Tinea versicolor shows up as oval-shaped, light- or dark-colored patches of skin anywhere on the body, but more often on the upper chest and shoulders, Dr. Li notes. These patches may be scaly or itchy, but they’re not harmful.

How to handle tinea versicolor

Usually an OTC antifungal lotion or shampoo can keep these yeast infections under control. Teens will also have to protect their skin from the sun until the patches regain their normal color.8 You may want to call your provider if the patches come back often.

What causes water warts?

This wart-like rash (also known as molloscum contagiosum) is caused by a virus. It produces tiny smooth bumps that may have a small dent in the center and may get bigger over time.  They can develop almost anywhere on the body. They’re not usually painful, but they may itch or get infected if you scratch or pick at them — or they may become red and/or swollen.9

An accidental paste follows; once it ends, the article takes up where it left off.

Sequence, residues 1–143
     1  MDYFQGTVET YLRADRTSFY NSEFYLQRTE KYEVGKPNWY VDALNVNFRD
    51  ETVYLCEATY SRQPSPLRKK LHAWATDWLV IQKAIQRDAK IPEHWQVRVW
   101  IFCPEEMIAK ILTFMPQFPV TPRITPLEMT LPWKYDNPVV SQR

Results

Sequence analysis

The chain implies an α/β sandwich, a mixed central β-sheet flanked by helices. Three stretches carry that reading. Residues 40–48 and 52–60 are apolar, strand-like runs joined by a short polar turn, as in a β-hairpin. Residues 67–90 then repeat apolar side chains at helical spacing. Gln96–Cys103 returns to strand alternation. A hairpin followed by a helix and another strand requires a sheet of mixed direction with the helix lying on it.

The rash is also contagious and can be spread by skin-to-skin contact, or through bedding, towels, clothes and even athletic equipment. If a teen has warts on their genital area and has sex, their partner can develop it too.9

How to handle water warts

The rash usually goes away fully within 6 to 12 months. But it can sometimes last more than a year, notes Dr. Li. Typically, it’s left untreated, but sometimes a dermatologist will freeze or scrape it off. In the meantime, your teen needs to cover the bumps with a watertight bandage and/or clothes to avoid spreading the virus. They should also avoid shaving over or scratching them.9